Sometimes we artists just have to hang loose and spice up a new painting! I thought I would try a bold new twist with UART 320 grade paper, acrylic paint, and soft pastels. My plan was to create an impressionistic interpretation of the reference photo below. This photo was taken on a hike in the Hoh Rainforest in Olympic National Park in March 2019.
In this painting, I wanted to convey the pure color and intensity of pastel, enhanced by a complementary color underpainting of acrylic applied in a rough, impasto fashion. The 9x12-sized UART 320 grade paper I felt would welcome my unforgiving treatment of its surface to help me convey the texture and depth of this scene that I desired.
I grabbed my brush and applied acrylic paint to my sketch on the UART paper, leaving thick impasto strokes to dry on the surface. You can see the edge of the paint glistening in the detailed photo below:
My color choice was simple: the local color of the pines is a purple-grey hue, so I chose yellow-orange paint for the complementary underpainted pines. The ferns are a strong green, therefore the red complement was chosen. When the realistic colors are laid upon the complementary colors, I will expect certain areas to “pop” and an overall warm tone to this forest scene. But at this stage, it is tough to tell if the painting was done by an artist or a preschooler!
I felt that the vibrancy of the local color in this landscape required an opposite, soft, muted plane to help build contrast and intensity into the painting. This scene has several atmospheric planes: the strong local color on the path contrasted with the distant, hazy background and the trees in the middle.
I applied pastel starting from the top, working my way through the ethereal, atmospheric distance by using high values and a mixture of hues to convey the soft, muted impression of the background.
Then I began firming up the trees to introduce the local color of the pine forest to the intense acrylic under-painting:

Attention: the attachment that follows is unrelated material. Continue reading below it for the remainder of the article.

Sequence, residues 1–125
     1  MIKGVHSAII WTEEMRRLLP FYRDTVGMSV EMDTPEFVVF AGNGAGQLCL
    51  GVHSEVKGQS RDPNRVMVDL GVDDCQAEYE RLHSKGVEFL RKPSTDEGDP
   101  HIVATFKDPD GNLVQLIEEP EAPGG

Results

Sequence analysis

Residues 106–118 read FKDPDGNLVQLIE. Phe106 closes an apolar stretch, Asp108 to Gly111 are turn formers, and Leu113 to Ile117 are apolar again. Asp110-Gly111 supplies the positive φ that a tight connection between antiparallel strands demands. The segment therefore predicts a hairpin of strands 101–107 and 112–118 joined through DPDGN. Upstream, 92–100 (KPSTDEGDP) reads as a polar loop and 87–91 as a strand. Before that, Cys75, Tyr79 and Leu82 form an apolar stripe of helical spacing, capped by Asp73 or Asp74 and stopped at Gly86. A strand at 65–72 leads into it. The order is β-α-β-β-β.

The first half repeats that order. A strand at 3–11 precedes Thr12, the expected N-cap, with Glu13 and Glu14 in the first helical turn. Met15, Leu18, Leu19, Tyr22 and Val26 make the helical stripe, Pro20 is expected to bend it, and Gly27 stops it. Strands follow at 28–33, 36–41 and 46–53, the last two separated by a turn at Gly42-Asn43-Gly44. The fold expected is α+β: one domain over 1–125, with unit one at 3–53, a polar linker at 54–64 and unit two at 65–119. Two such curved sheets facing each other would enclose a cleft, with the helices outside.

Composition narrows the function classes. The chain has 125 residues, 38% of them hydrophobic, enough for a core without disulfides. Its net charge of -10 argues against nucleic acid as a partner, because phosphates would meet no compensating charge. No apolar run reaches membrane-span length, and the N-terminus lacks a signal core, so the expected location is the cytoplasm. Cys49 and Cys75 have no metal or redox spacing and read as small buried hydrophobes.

I continued to work down the canvas through the ferns and the snowy path and its environs, first applying the basic hues of the landscape, then working the layering of higher values and highlights.
The UART paper, combined with the impasto acrylic underpainting, forced me to stick with bold strokes and to concentrate on masses and values rather than detail. I was able to maintain an abstract feel to the painting. Notice how the dried impasto acrylic adds almost psychedelic texture to the pine tree.
A few finer details including sharp edges were applied with some very soft pastels, as seen in the lone young pine on the right. I tried to keep the details to a minimum, letting the shapes and value form the “detail,” and allow the viewer to interpret elements of the work in his or her own way.
Working the edges, softening and building contrast comprised the final steps. Darker edges of trees and the masses of bright snow were enhanced by lightening and darkening their respective backgrounds.
I smoothed out the path with soft touches of pastel scumbled in the opposite (vertical) direction (the path was laid with horizontal strokes). I found that the paper readily picked up the light touch of pastel scattered across the surface’s rough texture without the need to blend.
I warmed up the path a bit, bringing in a little more sunlight, with a yellow pastel pencil:
Here is the final version of "Hoh Rainforest."